Using A Divorce Financial Analyst

By Tracy Achen

Most people never think about hiring a divorce financial analyst when getting a divorce. But it is something you should consider because divorce can have a disastrous effect on your financial future. Unfortunately, most people don't know what their rights are or how to evaluate whether a proposed divorce settlement is fair or not. They have a lot of questions, such as: 

  • Can I get alimony and how will it affect my taxes?
  • Who gets the house?
  • Are retirement accounts subject to division and how are they handled?
  • How can I survive financially after the divorce?

It's easy to be overwhelmed by all the issues that need to be settled in a divorce, especially when it comes to the division of assets and debts. Not only do you want to get a fair settlement, but you also need to look to your future to make sure you can survive financially.

You may really want to keep the house; but can you realistically afford to pay the mortgage and expenses? Maybe your husband has proposed a one-time settlement instead of alimony. Do you know if it's a good deal or not? This is where a financial expert can come in handy.

How a divorce financial analyst can help

A certified divorce financial analyst (CDFA) is specifically trained to help people work through the financial issues of divorce. They also help their clients understand both the short and long term financial impact of any proposed divorce settlement. While a CDFA works with all types of clients, their services are especially beneficial to high-income couples and those who've been married a long time.

A CDFA can help you understand financial issues such as:

  • What is considered marital property and what is separate property. 

  • How pension funds and retirement accounts are divided in a divorce and what paperwork is required.

  • How marital property is valued and the best way to divide it.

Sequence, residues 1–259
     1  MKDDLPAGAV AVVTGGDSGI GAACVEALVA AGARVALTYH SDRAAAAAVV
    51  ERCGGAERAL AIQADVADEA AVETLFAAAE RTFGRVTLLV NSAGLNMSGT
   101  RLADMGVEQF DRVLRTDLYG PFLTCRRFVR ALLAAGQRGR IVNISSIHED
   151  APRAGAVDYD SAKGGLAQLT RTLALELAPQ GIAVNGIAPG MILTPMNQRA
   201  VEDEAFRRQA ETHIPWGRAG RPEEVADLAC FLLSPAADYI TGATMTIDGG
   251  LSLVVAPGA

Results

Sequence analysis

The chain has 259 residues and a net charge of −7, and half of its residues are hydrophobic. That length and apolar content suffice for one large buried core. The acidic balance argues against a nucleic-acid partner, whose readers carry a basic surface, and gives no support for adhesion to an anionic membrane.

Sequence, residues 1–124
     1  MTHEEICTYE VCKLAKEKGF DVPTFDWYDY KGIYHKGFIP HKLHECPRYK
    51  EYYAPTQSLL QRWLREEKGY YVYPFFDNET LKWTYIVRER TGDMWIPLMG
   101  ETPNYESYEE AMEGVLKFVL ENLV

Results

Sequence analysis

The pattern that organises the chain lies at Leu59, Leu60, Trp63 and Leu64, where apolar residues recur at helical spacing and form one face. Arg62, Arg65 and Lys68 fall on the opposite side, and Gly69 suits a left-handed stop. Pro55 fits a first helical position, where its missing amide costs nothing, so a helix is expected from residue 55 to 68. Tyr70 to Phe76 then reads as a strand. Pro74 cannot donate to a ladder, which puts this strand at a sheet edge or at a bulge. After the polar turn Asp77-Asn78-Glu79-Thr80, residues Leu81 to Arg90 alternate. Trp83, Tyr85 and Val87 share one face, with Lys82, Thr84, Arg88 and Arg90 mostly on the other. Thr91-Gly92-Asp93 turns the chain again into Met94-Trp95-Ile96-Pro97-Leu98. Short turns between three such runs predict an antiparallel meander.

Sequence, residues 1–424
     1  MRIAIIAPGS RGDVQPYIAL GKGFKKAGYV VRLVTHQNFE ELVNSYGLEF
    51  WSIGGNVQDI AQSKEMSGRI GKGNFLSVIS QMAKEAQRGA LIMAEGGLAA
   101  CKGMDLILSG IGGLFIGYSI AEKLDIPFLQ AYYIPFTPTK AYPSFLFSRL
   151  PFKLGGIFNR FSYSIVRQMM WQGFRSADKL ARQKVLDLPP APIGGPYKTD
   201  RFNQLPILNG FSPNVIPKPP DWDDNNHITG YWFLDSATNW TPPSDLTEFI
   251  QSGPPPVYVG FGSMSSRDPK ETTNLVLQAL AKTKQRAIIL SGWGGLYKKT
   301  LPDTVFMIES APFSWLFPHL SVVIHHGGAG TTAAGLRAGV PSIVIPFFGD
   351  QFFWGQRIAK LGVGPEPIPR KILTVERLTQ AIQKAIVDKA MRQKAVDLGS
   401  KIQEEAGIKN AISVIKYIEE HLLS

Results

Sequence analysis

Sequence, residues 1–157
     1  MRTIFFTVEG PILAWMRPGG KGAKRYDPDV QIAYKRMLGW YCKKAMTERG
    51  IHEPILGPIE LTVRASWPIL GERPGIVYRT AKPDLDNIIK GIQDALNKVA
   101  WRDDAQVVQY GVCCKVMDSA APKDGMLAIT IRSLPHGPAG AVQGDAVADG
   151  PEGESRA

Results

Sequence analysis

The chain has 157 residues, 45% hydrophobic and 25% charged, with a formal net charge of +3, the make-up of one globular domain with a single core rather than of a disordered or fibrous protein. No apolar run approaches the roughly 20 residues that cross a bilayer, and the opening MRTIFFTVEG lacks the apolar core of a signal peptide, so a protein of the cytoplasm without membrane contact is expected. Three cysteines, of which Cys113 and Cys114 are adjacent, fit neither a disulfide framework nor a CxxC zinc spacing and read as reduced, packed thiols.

• Whether you should keep the home, let your spouse have it, or sell it and split the proceeds. 

  • How a business should be valued and divided. 

  • The possible tax implications of any proposed divorce settlement. 

  • The long-term financial implications of your divorce settlement proposals.

A financial analyst can also address post-divorce finances by helping you to develop a budget prior to negotiating your divorce. This information can help you determine what you'll need to survive and which assets can help you achieve financial security. They can also help you plan for and address how future expenses for your children will be handled without having to go back to court over every little thing.

Getting professional financial advice

There are many types of financial professionals, but your needs are best met by someone who specializes in divorce issues, such as a Certified Divorce Financial Analyst. To become a CDFP, a person needs to have at least 3 years of financial planning or legal experience and undergo training to become certified. You can find out more about the specific requirements as well as search for professionals in your in your area by visiting the Institute for Divorce Financial Analysts.

Timothy McNamara: Certified Divorce Financial Analyst

We also have a lot of financial questions which have been answered by our financial expert on the Financial FAQs page. Even though Timothy McNamara is no longer accepting questions, you can read through his answers for insight on how to handle settlement issues. If you need individual advice on the best way to handle your divorce finances, you should contact a professional in your area to receive guidance based on the divorce laws in your state. 

Updated June 9, 2021